Curation properly begins with a mission statement, whether you’re a content creator or a researcher assembling resources: What is it you are trying to say? What does your collection represent?
Listening to @informative talk about content strategy at the WordPress meetup tonight. The approach of first considering what questions your content has to answer seems particularly useful for support documentation. By laying the groundwork for questions first, it makes the writing more effective.
As the online editor, I sometimes feel like my job is to make something beautiful, just to hack it apart for kindling. Here’s the way I (mostly) think about it instead: any link to a fragment of LQ is a breadcrumb that can bring you back to the whole. Every magazine wants to lead you back to the mothership, but when you finally pick up an issue of Lapham’s Quarterly, what you have isn’t the end of your own curation and the beginning of our vision. It’s the start of a new reading in a closed-off sphere that also resembles the web you came from: a rabbit hole of thought that you’ll gladly fall into.
Michelle Legro — History and Its Contents.
Sweep the Sleaze. Our sites don’t need 37 pieces of flair.
On Content: less is more. Sean Blanda nails it here. Great set of guidelines for any writer to aspire to. I wish more publications understood and followed these ideas.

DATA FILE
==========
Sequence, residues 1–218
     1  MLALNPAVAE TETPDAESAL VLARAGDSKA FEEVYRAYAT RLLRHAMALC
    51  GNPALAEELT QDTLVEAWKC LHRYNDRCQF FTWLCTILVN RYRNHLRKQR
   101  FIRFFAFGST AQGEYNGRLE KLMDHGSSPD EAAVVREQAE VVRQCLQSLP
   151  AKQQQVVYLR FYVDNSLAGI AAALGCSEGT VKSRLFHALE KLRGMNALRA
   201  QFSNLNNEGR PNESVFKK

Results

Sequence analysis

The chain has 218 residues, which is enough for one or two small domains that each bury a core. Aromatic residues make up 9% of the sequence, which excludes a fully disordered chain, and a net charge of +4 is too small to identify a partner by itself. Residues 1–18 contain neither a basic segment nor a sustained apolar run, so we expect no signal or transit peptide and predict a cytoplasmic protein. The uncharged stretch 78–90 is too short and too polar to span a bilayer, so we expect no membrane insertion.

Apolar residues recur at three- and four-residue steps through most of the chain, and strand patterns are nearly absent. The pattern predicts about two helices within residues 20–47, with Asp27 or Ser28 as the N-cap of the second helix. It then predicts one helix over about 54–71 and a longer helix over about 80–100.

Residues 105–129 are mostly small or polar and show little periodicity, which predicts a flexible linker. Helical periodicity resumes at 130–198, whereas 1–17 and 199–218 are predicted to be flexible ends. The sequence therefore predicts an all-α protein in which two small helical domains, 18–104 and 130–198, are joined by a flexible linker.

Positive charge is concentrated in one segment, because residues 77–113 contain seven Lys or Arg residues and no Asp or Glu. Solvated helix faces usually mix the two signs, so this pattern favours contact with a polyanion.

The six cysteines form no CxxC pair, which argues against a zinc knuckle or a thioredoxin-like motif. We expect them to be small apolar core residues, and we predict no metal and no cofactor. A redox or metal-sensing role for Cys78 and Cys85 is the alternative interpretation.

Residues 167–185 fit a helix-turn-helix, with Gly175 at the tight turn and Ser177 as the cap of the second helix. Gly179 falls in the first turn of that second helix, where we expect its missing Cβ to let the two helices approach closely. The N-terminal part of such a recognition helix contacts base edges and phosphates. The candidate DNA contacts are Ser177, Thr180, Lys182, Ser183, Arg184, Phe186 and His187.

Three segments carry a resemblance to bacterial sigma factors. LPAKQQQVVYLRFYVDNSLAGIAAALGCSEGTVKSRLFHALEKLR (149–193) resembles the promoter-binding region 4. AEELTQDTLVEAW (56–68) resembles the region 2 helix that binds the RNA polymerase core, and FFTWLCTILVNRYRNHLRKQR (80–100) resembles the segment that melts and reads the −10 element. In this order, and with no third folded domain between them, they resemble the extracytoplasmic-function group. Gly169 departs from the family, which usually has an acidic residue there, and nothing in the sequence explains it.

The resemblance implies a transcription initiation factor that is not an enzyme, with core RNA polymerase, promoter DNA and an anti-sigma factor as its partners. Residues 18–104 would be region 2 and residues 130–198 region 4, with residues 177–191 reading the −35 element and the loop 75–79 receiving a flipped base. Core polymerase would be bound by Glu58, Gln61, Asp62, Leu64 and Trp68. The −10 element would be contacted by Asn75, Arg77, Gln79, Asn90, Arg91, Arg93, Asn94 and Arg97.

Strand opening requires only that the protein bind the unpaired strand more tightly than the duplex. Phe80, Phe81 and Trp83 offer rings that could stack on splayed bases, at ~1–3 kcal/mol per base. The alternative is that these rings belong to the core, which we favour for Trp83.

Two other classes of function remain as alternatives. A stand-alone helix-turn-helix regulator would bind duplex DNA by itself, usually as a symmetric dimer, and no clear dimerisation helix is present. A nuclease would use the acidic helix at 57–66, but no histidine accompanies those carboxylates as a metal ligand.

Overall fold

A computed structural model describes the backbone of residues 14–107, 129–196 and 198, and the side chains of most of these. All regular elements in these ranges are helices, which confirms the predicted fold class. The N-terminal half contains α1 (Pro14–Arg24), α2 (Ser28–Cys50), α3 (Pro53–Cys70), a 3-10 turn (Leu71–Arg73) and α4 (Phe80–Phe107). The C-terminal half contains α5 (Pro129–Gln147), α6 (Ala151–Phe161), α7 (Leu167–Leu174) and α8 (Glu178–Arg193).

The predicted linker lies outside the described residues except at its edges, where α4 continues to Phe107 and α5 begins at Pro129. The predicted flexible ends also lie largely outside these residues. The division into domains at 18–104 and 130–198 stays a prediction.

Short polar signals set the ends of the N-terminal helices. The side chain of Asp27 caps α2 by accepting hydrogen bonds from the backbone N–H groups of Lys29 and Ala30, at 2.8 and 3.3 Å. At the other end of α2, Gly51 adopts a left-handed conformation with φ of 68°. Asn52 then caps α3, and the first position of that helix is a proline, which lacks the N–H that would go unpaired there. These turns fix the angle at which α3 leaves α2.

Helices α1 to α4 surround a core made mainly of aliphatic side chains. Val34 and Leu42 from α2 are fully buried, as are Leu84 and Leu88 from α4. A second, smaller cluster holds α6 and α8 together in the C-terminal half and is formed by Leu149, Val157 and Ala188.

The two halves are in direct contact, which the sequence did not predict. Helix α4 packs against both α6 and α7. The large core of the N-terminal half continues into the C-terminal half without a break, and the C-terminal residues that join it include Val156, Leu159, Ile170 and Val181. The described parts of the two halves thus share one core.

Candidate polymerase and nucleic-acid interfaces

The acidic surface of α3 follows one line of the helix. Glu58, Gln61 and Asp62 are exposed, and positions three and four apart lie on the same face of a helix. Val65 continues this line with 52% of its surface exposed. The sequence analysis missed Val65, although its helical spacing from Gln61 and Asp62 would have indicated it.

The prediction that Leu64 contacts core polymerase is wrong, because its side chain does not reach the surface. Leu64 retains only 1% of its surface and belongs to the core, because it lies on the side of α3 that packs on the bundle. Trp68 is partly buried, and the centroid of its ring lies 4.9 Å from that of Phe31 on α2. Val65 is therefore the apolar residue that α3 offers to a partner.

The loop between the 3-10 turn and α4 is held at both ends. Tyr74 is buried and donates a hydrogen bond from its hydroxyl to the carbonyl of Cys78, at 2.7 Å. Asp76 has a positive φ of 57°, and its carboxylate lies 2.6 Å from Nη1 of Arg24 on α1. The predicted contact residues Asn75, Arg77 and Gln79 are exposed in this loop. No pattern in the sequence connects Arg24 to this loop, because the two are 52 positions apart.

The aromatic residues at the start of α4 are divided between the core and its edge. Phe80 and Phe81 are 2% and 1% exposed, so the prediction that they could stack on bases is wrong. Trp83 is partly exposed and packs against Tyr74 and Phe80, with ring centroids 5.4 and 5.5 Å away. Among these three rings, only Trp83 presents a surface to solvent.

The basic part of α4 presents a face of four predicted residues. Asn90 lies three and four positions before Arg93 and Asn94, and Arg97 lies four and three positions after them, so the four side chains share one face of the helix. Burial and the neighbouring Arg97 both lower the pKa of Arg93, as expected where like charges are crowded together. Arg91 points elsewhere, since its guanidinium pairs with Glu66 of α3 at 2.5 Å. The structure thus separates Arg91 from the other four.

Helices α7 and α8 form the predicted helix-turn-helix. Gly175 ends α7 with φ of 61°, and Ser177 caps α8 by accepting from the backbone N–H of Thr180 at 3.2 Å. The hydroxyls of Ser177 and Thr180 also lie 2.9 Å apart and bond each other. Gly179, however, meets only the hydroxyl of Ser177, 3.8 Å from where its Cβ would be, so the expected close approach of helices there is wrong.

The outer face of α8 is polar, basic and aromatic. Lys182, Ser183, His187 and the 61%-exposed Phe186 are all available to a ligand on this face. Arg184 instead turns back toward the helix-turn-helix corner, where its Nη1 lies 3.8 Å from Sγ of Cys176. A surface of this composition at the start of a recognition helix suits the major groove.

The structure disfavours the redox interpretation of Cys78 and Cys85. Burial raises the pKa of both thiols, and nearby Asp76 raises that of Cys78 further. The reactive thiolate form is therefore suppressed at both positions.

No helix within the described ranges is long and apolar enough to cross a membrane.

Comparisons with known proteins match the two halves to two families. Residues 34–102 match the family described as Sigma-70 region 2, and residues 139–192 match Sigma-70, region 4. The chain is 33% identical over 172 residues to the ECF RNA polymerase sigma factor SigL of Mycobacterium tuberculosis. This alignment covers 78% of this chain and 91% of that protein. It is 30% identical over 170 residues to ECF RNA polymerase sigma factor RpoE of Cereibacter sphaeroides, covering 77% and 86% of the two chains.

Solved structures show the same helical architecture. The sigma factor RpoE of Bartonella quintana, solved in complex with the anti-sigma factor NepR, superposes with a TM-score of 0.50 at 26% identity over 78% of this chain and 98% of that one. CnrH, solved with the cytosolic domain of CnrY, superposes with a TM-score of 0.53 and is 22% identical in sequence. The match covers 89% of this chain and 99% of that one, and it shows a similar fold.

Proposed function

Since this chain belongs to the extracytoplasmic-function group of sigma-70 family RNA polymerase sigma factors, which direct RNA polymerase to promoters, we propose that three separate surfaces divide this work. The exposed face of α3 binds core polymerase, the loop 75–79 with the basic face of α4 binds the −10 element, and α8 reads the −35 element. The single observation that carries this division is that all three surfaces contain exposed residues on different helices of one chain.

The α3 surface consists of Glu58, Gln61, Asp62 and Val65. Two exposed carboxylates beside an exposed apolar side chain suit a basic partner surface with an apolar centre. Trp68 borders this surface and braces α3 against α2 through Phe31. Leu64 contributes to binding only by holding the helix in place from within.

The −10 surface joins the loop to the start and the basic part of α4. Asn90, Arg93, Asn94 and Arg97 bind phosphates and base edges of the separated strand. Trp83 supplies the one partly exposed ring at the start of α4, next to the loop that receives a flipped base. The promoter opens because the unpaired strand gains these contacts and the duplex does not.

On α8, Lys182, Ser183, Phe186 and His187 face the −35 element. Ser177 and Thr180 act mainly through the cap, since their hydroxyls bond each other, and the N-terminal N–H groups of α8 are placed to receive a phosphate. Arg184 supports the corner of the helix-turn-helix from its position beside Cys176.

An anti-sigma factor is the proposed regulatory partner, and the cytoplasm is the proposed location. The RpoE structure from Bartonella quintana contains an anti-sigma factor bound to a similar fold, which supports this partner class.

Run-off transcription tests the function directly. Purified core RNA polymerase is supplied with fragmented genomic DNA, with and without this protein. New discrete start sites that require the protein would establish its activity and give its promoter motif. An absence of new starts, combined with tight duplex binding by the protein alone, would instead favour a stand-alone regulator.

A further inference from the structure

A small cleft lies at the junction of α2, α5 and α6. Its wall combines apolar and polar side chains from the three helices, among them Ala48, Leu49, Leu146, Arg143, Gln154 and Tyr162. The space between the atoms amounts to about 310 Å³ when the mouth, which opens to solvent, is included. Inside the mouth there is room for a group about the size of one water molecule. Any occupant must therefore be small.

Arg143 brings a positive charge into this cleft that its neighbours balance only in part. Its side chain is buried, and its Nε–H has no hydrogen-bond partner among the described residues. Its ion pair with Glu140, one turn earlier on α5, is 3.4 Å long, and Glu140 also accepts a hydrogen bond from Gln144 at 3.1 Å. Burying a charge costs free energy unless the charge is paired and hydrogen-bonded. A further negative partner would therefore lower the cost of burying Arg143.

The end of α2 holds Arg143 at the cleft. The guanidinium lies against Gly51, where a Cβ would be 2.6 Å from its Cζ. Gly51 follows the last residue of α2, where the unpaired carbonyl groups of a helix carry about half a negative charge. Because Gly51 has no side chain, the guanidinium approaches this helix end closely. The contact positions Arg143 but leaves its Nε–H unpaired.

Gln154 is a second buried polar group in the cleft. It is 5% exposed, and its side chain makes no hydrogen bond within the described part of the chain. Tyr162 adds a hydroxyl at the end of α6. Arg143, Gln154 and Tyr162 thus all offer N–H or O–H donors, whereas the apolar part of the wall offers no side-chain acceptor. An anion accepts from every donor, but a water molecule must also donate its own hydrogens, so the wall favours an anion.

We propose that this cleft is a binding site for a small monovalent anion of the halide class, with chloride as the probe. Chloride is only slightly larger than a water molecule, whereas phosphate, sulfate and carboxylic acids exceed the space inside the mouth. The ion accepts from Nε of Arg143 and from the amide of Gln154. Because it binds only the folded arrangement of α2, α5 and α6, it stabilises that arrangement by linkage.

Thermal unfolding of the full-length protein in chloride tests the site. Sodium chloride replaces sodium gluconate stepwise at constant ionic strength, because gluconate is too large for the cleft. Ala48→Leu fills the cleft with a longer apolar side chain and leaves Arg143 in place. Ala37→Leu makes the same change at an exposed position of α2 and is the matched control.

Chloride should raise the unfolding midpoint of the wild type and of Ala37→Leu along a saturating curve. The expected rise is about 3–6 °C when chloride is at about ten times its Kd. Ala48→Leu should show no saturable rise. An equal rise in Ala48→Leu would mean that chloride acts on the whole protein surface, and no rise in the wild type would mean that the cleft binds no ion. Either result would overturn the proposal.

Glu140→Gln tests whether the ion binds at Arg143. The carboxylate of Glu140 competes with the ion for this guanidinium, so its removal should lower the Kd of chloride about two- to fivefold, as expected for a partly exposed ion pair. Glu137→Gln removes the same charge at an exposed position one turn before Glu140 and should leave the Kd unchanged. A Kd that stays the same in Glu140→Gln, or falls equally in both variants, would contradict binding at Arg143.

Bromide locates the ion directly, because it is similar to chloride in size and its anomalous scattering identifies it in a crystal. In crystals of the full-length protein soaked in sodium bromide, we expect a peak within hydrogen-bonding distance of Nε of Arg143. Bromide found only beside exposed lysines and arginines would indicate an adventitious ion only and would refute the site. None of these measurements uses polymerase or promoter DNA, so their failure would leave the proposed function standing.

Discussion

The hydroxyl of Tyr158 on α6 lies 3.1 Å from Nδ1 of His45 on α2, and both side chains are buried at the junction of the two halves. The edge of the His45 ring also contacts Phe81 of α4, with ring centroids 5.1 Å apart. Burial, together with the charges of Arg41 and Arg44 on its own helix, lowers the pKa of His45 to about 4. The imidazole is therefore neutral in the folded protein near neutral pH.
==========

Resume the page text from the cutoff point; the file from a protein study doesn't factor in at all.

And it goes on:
The Value of Content, Part 1: Adam Smith never expected this. Melissa Rach takes a look at how content on the web defies traditional models of economics. In part 2 she explains the basics of effectively communicating the value of content. Sections 2 and 3 of Part 2 are particularly good. Part 2 is here.
What it’s like to share an article from one of these iPad magazines. Neven Mrgan nails it on why sharing content from iPad magazine apps is a big bucket of fail. It’s almost like they don’t want you to tell your friends about great content. (via Ben Brooks)
I just got around to reading the entirety of the Mother Jones updates on what’s happening in Egypt. If you haven’t seen it yet it’s a treasure trove of information, thanks to Daniel for the link. Partly due to the fact that it’s such a… Continue reading →
A stellar essay from Frank Chimero on content (as told through the metaphor of watery soup). You ever order soup at a restaurant and get a bowl that’s mostly broth? The problem is the register at the restaurant is four-hundred bucks under what it was… Continue reading →